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Dec 13 2010 01:52 PM | Chris Haslego in Separation Technology -----

Biosorption Mechanisms

Various metal-binding mechanisms have been postulated to be active in biosorption, such as:

  • Chemisorption by ion exchange, complexation, coordination and/or chelation
  • Physical Adsorption
  • Microprecipitation
  • Oxidationeduction.

Due to the complexity of the biomaterials used, it is possible that at least some of these mechanisms are acting simultaneously to varying degrees, depending on the biosorbent and the solution environment.

Ion Exchange

Ion exchange is a reversible chemical reaction wherein an ion in a solution is exchanged for a similarly charged ion attached to an immobile solid particle. These solid ion-exchange particles are either naturally occurring inorganic zeolites or synthetically produced organic resins. Synthetic organic resins are the predominant type used today because their characteristics can be tailored to specific applications.

Ion exchange reactions are stoichiometric and reversible, and as such they are similar to other solution-phase reactions. For example, in the reaction

NiSO4 + Ca(OH)2 Ni(OH)2 + CaSO4

the nickel ions of the nickel sulfate (NiSO4) are exchanged for the calcium ions of the calcium hydroxide Ca(OH)2 molecule.


The word chelation is derived from the Greek word chele, which means claw, and is defined as the firm binding of a metal ion with an organic molecule (ligand) to form a ring structure. The resulting ring structure protects the mineral from entering into unwanted chemical reactions. Examples include the carbonate (CO32-) and oxalate (C2O42-) ions:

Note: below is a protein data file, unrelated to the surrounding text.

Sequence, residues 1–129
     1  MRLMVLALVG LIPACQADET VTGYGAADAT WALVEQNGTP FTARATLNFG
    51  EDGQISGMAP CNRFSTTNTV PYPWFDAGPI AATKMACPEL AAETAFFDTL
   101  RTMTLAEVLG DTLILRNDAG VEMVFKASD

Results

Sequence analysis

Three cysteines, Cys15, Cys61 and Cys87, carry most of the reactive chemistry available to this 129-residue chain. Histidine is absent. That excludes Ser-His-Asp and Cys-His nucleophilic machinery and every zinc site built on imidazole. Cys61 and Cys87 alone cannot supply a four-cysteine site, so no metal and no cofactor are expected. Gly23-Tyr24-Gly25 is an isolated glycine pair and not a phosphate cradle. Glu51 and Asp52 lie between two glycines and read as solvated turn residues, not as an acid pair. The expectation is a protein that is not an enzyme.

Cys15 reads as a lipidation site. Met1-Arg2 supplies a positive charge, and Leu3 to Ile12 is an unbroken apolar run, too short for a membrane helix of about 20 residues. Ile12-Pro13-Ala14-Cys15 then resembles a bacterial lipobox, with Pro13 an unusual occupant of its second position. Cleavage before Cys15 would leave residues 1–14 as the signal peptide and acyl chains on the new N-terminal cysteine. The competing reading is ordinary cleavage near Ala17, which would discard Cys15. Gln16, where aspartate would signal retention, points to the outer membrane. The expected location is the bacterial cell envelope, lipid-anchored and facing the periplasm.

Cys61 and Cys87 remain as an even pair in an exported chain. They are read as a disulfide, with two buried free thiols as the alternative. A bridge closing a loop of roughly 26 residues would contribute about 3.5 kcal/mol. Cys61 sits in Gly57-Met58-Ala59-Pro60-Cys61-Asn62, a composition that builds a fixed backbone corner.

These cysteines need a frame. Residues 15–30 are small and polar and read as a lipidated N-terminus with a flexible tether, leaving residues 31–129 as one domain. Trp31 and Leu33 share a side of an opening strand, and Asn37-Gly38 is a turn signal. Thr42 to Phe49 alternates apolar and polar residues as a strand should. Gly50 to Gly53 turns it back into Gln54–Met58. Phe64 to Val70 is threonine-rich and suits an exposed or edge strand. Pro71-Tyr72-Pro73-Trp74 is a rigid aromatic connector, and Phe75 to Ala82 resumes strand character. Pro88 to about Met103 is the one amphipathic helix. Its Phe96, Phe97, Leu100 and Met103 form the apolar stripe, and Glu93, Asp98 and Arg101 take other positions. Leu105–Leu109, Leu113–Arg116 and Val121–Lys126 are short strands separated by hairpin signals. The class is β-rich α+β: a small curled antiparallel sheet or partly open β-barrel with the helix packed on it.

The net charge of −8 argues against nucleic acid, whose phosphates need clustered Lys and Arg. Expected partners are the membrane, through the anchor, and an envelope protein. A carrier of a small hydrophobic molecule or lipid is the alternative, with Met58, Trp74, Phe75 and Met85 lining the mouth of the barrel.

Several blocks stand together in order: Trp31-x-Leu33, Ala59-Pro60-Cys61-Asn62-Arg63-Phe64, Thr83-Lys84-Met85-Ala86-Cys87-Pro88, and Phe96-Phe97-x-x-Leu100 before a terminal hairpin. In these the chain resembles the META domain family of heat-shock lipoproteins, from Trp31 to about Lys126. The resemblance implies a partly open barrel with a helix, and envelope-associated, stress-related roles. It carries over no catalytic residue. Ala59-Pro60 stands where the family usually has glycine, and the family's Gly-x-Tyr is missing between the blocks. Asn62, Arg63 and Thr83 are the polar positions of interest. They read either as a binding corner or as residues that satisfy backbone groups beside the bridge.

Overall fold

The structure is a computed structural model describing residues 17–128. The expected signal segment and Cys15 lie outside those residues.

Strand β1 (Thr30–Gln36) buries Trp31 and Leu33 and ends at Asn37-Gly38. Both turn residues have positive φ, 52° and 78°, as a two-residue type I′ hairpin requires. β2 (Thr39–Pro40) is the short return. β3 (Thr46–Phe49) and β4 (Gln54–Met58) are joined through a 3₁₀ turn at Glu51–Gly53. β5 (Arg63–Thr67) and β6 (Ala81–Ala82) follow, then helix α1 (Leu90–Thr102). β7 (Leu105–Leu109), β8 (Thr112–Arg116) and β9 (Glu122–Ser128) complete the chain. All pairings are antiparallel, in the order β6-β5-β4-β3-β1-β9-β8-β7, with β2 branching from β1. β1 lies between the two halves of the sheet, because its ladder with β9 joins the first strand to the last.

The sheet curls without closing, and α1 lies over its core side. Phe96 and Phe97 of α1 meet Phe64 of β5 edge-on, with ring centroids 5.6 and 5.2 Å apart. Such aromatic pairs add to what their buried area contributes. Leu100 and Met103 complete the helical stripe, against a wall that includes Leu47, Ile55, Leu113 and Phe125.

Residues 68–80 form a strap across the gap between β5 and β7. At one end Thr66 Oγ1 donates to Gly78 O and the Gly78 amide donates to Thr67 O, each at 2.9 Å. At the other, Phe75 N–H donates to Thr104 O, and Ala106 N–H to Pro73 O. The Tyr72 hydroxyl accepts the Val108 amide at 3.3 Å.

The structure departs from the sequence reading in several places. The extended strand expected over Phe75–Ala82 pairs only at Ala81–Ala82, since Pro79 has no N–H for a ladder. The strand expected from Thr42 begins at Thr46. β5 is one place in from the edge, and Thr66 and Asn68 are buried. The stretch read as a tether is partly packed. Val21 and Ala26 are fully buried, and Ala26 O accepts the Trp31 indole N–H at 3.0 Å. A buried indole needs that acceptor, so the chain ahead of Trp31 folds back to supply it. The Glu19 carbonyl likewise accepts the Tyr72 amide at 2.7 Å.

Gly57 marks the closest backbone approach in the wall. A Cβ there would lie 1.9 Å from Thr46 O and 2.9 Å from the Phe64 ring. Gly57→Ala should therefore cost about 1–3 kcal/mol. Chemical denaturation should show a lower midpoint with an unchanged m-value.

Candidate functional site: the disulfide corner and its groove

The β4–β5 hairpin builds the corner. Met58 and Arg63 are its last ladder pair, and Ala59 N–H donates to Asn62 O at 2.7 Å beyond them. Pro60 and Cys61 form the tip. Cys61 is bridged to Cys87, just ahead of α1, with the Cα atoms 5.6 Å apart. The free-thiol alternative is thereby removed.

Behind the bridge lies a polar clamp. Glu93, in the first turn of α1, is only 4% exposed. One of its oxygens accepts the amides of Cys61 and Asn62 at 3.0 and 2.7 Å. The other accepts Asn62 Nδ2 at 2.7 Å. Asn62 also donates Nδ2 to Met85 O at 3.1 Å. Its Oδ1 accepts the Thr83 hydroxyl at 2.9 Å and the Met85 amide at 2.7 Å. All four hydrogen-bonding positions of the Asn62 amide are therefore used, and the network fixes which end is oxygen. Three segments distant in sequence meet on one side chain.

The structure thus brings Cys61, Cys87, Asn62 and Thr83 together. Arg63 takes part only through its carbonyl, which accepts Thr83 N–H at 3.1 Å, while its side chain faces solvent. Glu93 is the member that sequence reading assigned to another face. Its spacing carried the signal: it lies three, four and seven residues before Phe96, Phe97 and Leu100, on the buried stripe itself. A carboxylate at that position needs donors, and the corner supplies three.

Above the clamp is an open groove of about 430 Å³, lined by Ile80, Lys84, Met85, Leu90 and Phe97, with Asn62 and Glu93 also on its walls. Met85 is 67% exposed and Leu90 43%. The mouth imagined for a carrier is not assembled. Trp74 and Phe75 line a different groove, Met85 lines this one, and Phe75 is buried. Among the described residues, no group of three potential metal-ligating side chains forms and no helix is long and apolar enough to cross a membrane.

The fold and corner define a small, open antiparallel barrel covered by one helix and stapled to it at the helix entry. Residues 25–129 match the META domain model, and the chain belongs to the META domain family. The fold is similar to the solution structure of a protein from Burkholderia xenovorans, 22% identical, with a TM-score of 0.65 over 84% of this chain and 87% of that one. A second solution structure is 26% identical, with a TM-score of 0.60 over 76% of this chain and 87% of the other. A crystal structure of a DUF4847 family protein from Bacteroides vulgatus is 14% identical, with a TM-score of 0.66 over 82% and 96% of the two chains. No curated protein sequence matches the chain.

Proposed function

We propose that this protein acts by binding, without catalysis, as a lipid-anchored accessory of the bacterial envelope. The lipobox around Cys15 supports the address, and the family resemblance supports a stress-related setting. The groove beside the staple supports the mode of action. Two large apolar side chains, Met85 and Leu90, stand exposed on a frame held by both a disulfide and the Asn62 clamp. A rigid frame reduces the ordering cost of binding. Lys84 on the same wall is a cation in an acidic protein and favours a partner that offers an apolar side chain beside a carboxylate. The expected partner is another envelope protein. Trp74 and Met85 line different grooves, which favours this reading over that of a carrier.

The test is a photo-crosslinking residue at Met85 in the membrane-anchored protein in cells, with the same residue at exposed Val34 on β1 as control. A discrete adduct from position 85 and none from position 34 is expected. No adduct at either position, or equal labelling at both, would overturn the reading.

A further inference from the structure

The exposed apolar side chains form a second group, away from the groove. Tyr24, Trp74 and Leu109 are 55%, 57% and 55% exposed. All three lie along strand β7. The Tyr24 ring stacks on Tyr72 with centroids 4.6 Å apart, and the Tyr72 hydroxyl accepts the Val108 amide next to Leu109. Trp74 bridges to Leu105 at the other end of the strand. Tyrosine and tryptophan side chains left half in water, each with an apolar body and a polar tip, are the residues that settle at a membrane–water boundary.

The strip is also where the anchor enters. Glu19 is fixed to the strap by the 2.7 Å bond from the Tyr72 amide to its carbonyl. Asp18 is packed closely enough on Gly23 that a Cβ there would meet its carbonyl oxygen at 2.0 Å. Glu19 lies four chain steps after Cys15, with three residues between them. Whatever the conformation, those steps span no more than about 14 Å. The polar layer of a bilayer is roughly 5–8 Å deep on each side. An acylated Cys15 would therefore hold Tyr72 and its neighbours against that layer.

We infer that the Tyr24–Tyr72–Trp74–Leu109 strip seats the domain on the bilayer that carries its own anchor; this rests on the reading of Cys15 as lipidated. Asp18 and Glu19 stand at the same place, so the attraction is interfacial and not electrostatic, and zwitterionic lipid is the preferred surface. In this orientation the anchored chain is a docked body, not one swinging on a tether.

Figure 1: Carbonate and Oxalate Complexes

Coordination (Complex Formation)

A coordination complex is any combination of cations with molecules or anions containing free pairs of electrons. Bonding may be electrostatic, covalent or a combination of both; the metal ion is coordinately bonded to organic molecules. Example of the formation of a coordination compound are:

Cu2+ + 4H2O [Cu(H2O)]42+

Cu2+ + 4Cl- [CuCl4]2-

where coordinate covalent bonds are formed by donation of a pair of electrons from H2O and Cl- (Lewis bases) to Cu2+ (Lewis acid).

In general, biosorption of toxic metals and radionuclides is based on non-enzymatic processes such as adsorption. Adsorption is due to the non-specific binding of ionic species to polysaccharides and proteins on the cell surface (Figure 2) or outside the cell4,19. Bacterial cell walls and envelopes, and the walls of fungi, yeasts and algae, are efficient metal biosorbents that bind charged groups. The cell walls of gram-positive bacteria bind larger quantities of toxic metals and radionuclides than the envelopes of gram-negative bacteria.

Bacterial sorption of some metals can be described by the linearized Freundlich adsorption equation:

log S = log K + n log C


S is the amount of metal absorbed in mol/g

C is the equilibrium solution concentration in mol/L

K and n are the Freundlich constants.

Biomass deriving from several industrial fermentations may provide an economical source of biosorptive materials. Many species have cell walls with high concentrations of chitin, a polymer of N-acetyl-glucosamine that is an effective biosorbent.

Biosorption uses biomass raw materials that are either abundant (e.g., seaweeds) or wastes from other industrial operations (e.g., fermentation wastes)9. The metal-sorbing performance of certain types of biomass can be more or less selective for heavy metals, depending on the type of biomass, the mixture in the solution, the type of biomass preparation, and the chemical-physical environment.

It is important to note that the concentration of a specific metal in solution can be reduced either during the sorption uptake by manipulating the properties of the biosorbent or upon desorption during the regeneration cycle of the biosorbent.

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